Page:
Civil Rights X Copyright: Non Negotiable!

Traitor, ungrateful, miserable, bastard, etc. Those were a few names I was called since I decided to make public my positions regarding the on going “battle” between copyright warriors and digital libertarians. I guess many people got it very wrong from the start. The “libertarians” have written a Manifest and I support it without reserves.

What is being played here is something much deeper than a “cat chasing the mouse” fight in a small country like Spain that I guess more than half of humanity ignores where it is and a much larger percentage the history it carries back for more than 2,000 years. Yeah, two millenniums but cutting to the chase: back in 1936 a coup d’etat started a civil war in the country and Europe and the rest of the world turned their backs. It was Spain and it was not their problems. Thirty nine years of bloody dictatorship followed those events. Currently, Spain can and probably will be played as a “game-scenario” for the worst case scenario again. In 1936, Germany and Italy supported the fascists and bombarded the civil population in such bloodshed until then unknown by humankind. When in 1939, Hitler spread the fire through Europe and the world, the main powers already knew what to expect.


Guernica by Pablo Picasso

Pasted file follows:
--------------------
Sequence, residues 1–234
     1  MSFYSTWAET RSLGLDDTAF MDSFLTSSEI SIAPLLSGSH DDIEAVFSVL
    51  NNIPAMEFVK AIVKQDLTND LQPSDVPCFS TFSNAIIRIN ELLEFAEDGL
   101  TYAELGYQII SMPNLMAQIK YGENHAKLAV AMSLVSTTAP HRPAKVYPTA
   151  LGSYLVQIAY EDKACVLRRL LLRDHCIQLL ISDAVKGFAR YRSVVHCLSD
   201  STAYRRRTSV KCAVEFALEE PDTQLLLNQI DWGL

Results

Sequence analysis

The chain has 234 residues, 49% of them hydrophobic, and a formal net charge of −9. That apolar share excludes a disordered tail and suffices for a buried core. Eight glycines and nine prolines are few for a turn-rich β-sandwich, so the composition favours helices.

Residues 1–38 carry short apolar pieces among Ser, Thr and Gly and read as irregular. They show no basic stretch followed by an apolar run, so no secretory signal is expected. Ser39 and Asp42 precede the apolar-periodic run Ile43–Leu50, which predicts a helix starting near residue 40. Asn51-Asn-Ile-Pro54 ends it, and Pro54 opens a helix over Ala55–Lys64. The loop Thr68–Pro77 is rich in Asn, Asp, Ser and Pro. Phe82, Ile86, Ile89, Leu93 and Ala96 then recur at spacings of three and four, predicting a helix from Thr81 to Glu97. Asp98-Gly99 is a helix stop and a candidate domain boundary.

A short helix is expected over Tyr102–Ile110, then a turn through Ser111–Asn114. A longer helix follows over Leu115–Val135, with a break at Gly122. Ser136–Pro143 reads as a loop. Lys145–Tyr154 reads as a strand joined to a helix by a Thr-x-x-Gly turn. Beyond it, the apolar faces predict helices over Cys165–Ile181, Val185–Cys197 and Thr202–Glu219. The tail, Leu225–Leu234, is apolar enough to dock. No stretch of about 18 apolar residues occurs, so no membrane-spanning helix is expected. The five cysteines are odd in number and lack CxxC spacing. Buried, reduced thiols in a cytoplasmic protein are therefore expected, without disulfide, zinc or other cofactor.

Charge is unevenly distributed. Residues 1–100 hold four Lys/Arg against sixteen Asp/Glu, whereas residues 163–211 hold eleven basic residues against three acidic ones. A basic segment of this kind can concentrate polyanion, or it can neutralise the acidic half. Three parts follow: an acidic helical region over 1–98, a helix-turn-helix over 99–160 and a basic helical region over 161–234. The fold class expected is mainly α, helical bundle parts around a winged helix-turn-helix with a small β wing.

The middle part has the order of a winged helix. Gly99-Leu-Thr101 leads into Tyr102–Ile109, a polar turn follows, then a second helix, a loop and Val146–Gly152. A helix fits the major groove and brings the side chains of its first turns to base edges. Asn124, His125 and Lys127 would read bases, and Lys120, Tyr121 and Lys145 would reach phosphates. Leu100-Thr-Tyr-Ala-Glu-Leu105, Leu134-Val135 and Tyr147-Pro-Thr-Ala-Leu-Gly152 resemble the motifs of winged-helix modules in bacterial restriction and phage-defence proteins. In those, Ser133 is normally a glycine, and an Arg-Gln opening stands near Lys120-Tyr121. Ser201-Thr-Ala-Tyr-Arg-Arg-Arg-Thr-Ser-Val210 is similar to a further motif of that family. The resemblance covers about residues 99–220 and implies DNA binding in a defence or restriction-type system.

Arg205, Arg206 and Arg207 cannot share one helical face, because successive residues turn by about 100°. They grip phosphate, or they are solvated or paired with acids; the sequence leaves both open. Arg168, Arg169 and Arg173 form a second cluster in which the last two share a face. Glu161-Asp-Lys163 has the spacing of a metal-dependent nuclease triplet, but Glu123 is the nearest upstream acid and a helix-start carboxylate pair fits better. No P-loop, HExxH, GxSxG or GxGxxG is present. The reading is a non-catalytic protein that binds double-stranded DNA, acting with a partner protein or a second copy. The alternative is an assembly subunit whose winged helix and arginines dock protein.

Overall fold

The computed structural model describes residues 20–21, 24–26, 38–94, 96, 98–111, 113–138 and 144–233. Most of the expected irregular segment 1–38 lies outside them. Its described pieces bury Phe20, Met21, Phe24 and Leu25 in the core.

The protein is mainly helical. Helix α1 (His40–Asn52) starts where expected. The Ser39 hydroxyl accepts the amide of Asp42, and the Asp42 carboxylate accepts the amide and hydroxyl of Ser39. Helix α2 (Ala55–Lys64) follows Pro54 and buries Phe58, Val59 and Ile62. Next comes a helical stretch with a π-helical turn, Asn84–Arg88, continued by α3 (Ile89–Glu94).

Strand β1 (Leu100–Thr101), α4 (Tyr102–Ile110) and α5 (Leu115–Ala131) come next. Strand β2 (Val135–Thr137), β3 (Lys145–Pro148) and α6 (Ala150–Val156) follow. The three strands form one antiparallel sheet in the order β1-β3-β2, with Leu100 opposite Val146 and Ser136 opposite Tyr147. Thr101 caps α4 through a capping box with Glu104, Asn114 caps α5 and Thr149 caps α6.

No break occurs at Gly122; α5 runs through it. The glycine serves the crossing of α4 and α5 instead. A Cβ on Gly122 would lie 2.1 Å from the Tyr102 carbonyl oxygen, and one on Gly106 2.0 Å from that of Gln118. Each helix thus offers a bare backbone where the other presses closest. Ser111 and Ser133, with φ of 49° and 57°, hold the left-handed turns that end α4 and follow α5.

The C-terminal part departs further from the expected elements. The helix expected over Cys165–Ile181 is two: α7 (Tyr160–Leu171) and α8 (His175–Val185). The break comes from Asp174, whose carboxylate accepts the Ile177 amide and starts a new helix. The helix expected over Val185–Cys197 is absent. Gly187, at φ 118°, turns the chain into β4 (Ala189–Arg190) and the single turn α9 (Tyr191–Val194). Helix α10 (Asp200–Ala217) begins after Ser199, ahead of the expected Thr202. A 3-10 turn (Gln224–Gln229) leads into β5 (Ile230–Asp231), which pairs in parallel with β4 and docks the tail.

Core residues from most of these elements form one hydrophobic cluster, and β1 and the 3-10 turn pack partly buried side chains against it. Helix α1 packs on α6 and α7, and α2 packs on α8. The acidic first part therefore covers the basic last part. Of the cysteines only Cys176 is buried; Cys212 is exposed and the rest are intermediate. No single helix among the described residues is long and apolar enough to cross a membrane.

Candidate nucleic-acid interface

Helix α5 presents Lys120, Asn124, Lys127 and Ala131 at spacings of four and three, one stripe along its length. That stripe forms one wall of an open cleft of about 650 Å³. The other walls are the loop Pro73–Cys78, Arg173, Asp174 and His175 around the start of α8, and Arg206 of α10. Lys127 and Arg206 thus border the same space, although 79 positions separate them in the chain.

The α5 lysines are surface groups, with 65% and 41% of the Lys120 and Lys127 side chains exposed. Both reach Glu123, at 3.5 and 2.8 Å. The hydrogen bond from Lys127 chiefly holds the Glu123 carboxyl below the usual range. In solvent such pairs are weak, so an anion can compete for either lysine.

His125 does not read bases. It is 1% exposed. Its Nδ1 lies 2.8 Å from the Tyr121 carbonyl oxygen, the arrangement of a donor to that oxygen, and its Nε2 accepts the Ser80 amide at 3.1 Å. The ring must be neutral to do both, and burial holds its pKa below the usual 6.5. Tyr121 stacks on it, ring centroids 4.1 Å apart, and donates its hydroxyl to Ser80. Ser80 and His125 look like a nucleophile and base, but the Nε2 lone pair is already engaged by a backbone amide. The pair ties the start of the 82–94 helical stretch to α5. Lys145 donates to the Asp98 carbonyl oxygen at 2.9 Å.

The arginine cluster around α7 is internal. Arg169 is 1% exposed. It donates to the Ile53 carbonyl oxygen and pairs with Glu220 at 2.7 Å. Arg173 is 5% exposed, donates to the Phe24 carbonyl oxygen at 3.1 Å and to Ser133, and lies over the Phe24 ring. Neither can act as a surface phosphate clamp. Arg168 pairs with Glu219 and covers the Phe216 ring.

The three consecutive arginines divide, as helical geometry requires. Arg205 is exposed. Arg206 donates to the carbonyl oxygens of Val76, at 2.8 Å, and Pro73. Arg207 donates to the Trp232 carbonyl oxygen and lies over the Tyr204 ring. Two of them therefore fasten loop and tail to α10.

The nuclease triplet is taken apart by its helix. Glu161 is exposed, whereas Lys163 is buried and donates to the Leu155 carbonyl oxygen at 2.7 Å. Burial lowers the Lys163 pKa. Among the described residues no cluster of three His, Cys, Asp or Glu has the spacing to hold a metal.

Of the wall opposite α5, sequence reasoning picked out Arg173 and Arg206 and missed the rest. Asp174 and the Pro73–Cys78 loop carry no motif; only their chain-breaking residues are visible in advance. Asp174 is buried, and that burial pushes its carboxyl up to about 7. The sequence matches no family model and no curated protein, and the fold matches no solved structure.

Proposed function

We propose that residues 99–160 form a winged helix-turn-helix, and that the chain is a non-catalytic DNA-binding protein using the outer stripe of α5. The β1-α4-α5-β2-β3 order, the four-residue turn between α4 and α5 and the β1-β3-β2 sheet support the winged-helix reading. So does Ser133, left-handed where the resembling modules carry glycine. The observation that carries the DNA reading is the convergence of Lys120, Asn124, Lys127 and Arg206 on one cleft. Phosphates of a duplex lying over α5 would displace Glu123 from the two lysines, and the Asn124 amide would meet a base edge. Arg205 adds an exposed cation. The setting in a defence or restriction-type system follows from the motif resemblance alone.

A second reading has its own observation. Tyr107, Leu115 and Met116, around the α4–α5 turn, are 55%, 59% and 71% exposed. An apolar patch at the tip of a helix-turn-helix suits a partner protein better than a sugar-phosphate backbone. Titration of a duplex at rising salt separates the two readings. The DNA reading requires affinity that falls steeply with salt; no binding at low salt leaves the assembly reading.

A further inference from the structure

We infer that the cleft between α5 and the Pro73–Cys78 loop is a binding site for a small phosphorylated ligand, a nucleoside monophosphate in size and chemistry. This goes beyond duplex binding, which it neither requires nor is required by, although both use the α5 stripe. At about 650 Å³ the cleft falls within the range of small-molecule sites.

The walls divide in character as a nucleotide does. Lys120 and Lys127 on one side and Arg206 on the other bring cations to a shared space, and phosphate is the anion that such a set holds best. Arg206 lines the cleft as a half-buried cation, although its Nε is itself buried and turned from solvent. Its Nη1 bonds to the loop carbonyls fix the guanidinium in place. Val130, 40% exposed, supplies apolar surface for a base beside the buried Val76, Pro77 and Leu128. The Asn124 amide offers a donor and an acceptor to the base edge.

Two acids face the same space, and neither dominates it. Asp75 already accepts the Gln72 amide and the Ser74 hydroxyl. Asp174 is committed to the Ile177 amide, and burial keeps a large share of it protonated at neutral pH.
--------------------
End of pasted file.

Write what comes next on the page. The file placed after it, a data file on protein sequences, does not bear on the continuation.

After working many years in the entertainment industry, in many different positions, and also selling my blood for small (independent) companies in an idealistic stupid way, I gathered enough knowledge of all the tricks that can be played by every single player of the game in film and music productions: from the writer to the distributor, passing thru the producer and directors reaching down the secretary of production. I never saw a positive liquidation (final accounts where the remaining “profits” should hypothetically be paid to the producer), never at all! Even if there were cents left, the producing company would still “owe” the distributors. If there were profits, they would fall into expenses accounts and future developments. No profit, no income taxes to be paid. Reset to zero and everybody continued to be friends as always. That’s how the game is played. Producers feed writers and directors with bread crumbs, paying their mortgages, buying groceries and so they are on the leash and “grateful”. Buyers of TV stations are invited by producers to banquets, vacations in the Riviera and receive generous incentives such as loads of champagne boxes as Christmas gifts (totally legal) to allocate their resources to those friendly producers in their circle. The so acclaimed high level employment that the entertainment industry, specially film bring to the economy in general averages 4 to 5 employees (sometimes including the owner of the joint) earning 1,200 Euros per month without legal hours respected (40 hours/week in Spain) They should be “happy” because they are in their way to the glory. That’s their due to be paid to the industry before gaining the right to “really do something”. All the rest, when the subsidies fall in place, and when the TV purchases also combine, out they go hiring. There is literally an army of desperate people out there to get two months salaries (average production time). And they all fly in as mosquitoes in the jungle. It is marvellous to see and sad to realize that they also live out of dreams. That is to be respected, to live by a dream and side line with starvation the remaining half of the year.